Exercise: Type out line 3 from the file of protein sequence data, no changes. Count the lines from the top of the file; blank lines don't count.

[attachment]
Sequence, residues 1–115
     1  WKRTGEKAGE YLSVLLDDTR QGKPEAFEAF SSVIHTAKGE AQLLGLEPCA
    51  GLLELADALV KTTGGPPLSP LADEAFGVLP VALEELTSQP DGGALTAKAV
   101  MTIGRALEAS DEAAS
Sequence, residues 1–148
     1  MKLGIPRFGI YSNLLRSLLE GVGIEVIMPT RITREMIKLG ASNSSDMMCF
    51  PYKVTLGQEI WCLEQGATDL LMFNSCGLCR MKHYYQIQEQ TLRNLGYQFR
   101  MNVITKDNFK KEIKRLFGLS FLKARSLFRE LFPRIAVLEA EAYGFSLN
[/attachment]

    51  GLLELADALV KTTGGPPLSP LADEAFGVLP VALEELTSQP DGGALTAKAV